From: The New Yorker

The Shakespeare Algorithm

The New Yorker:

In 1727, a writer and editor named Lewis Theobald was preparing to unveil “Double Falsehood,” a tragicomedy that he said was based on manuscripts of a lost play by Shakespeare. “The good old Master of the English Drama is by a kind of Miracle recall’d from his Grave, and given to us once again,” the London Journal reported, when news of Theobald’s project emerged. Ever since then, however, the work has presented difficulties to the gatekeepers of the canon. For one, the manuscripts have vanished. For another, Theobald has a checkered reputation; he was accused of plagiarizing his play “The Perfidious Brother,” and his starring role in Alexander Pope’s satirical poem “The Dunciad” doesn’t help matters. Then there is the text itself, which isn’t especially good. Certainly “Double Falsehood” contains echoes of Shakespeare (“A gleam of day breaks sudden from her window”), but for the most part the language sags or is ungainly. Would the Bard have called a woman so fair that her face could make “a frozen hermit leap from his cell” to kiss it? (Well, perhaps not, but he did write that “A withered hermit, five-score winters torn, / Might shake off fifty, looking in her eye.”)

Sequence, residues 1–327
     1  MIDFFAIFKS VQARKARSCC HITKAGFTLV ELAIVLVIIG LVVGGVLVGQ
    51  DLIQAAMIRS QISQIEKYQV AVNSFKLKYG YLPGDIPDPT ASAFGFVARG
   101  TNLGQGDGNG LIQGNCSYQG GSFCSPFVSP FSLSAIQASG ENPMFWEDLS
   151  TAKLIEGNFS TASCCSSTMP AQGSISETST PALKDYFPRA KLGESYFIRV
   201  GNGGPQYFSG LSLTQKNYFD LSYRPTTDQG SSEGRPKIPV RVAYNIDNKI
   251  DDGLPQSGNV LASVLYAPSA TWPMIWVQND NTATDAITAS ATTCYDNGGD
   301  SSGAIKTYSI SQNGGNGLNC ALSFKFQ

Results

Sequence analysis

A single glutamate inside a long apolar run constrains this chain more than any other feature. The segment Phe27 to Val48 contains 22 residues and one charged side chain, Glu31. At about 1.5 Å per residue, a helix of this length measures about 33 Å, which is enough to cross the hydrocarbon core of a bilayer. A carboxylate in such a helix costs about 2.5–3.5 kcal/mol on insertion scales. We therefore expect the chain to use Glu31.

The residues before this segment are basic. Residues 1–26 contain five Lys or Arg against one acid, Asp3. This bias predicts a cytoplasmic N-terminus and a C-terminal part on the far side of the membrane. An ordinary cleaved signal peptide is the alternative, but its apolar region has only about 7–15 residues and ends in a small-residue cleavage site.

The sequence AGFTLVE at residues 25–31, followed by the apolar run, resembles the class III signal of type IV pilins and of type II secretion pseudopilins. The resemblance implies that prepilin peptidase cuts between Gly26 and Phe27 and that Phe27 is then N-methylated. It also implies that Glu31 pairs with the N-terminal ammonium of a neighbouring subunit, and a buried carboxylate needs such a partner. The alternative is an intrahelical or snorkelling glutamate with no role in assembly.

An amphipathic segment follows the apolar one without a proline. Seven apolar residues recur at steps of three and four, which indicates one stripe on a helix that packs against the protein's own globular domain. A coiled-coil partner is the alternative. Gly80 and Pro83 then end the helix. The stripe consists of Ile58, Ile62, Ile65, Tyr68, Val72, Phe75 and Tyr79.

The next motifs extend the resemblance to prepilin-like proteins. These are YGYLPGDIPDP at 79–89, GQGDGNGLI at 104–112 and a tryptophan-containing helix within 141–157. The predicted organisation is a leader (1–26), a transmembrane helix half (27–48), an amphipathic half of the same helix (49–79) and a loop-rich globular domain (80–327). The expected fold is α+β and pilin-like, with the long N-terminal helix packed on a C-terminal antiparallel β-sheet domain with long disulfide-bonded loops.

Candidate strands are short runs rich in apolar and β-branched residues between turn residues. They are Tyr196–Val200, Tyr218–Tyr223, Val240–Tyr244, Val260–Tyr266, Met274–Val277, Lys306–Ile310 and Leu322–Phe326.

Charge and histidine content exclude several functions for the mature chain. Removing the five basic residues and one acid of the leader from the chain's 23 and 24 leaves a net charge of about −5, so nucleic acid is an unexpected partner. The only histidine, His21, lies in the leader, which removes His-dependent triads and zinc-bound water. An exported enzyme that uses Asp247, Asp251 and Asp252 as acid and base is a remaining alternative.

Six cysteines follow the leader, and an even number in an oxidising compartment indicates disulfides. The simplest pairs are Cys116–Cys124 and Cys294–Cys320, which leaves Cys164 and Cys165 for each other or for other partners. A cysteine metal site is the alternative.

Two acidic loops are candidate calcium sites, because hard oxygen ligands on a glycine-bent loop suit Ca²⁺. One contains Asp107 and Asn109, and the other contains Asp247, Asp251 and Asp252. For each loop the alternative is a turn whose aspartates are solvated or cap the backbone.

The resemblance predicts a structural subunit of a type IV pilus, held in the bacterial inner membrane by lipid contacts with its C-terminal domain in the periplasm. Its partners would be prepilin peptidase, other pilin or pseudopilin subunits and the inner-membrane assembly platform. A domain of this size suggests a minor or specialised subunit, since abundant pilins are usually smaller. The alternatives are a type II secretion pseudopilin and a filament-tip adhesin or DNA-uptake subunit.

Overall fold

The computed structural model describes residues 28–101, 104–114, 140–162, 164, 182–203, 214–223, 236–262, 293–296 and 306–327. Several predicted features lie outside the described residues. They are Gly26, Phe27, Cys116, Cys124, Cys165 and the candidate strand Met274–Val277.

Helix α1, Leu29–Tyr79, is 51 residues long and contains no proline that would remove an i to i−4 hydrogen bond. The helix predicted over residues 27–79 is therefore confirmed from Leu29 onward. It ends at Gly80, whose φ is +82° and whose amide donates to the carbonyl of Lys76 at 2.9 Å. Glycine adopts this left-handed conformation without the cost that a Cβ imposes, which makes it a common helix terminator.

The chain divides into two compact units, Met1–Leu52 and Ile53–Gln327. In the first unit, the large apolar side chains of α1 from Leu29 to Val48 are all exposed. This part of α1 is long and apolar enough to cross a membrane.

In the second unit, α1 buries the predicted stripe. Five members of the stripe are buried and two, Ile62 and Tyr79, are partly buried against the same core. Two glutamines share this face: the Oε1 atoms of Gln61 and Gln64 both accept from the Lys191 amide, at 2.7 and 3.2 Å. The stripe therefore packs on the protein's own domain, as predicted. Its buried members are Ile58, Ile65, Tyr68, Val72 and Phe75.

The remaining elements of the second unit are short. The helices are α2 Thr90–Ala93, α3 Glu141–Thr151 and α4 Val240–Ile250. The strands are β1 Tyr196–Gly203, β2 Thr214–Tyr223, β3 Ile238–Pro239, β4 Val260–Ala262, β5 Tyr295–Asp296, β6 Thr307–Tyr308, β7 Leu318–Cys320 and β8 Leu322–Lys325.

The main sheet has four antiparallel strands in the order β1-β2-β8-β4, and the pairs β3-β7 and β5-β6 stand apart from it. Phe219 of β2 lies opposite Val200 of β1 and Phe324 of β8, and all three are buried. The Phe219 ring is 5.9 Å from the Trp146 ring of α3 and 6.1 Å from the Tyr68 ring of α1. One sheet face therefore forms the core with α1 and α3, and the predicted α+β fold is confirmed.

The study focussed in part on function words, the heavy-lifting but unglamorous class that includes pronouns, articles, and prepositions—“I,” “you,” “the,” “a,” “an,” “on,” “in,” “under.” As Pennebaker has written, there are only about four hundred and fifty of them in English, but they account for fifty-five per cent of the words that we use, the linguistic glue that holds everything together but goes mostly unnoticed. “We can’t hear them,” Pennebaker told me recently. “You and I have now been talking for ten minutes, and you have no idea if I’ve used articles at a high rate or a low rate. I have no idea.” Everyone has a pattern, though, and this is what he and Boyd sought in an array of works by Shakespeare, Theobald, and Fletcher. They also took other habits into account, such as three-word phrases typical to each author; for Shakespeare, these included “my lord your,” “what says thou,” and “as it were.” (“Quality work there, Shakey,” Boyd said.)

Read the whole story: The New Yorker

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